‘Now it’s Dexit’s turn!’ Emmanuel Macron and a weakened Germany might ‘push Denmark out the EU door.’
A political leader has claimed that Denmark may exit the EU as a result of Emmanuel Macron’s European federalisation proposals and a “weakened” Germany.
The UK’s Time Party, which advocates for greater devolution inside the country, has criticized French President Emmanuel Macron’s current plans, claiming that they could lead to the EU’s disintegration. On Twitter, Chairman Robert Kimbell wrote: “Poland, Hungary, Sweden, Denmark, the Netherlands, and Italy are all members of the European Union. All of these countries are on the verge of leaving the EU.
“Poland, Hungary, Sweden, and Denmark are the only countries that have kept their national currencies.
“With a weakened Germany and Macron’s pro-EU federalization zeal, I could see Denmark departing.”
After 16 years in leadership, Angela Merkel is set to stand down.
Commentators believe Mr Macron will play a key role in eurozone restructuring after she leaves.
He is expected to take initiatives to strengthen pan-EU democracy and take important steps forward on shared foreign and defense policy.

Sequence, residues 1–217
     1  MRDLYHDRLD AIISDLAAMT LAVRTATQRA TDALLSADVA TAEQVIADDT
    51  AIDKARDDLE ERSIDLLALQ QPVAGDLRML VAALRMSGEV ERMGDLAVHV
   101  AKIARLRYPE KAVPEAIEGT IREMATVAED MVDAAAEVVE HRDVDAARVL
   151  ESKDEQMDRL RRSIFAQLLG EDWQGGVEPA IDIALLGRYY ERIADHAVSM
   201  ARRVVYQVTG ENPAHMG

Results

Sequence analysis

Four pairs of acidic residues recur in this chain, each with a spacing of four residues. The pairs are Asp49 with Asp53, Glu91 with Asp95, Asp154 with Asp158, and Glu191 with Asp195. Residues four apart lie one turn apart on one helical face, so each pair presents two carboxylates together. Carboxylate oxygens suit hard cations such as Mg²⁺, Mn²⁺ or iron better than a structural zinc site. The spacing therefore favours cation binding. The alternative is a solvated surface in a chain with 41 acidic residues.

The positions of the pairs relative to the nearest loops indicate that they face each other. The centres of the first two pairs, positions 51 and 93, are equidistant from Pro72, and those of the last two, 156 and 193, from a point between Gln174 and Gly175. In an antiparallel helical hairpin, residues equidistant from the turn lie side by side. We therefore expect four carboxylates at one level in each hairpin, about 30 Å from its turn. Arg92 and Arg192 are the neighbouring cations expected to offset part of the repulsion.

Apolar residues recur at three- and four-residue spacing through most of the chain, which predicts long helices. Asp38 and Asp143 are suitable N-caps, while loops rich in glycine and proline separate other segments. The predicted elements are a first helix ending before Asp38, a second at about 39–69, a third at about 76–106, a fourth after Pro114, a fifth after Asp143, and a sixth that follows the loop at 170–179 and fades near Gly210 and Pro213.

It is believed that these moves are disturbing nations such as Denmark.
As a result, the number of political candidates campaigning for a Danish exit from the EU, or Dexit, has increased.
The French president wants to push for military cooperation that might lead to the creation of a pan-European force.
“Macron is top dog” now that Angela Merkel has left the EU, according to Andrew Duff, a former MEP and president of the Spinelli group of European federalists.
“Whoever follows Merkel will take time to get underway,” the MEP added to the Daily Telegraph.
The French-German “engine” is in charge of EU policymaking.
Most EU advancements require the cooperation of both Paris and Berlin, but with Germany weakened, the balance of power could shift to France.
Denmark has expressed its displeasure with the EU’s decision to stand with France in the diplomatic row over a failed submarine contract with Australia.
“I believe it’s important to state, given the negotiations happening on in Europe right now, that I consider Biden as quite devoted to the transatlantic alliance,” Danish Prime Minister Mette Frederiksen remarked.
“And, in general, we should not make specific challenges between allies into something they are not.
“I would strongly advise against it.”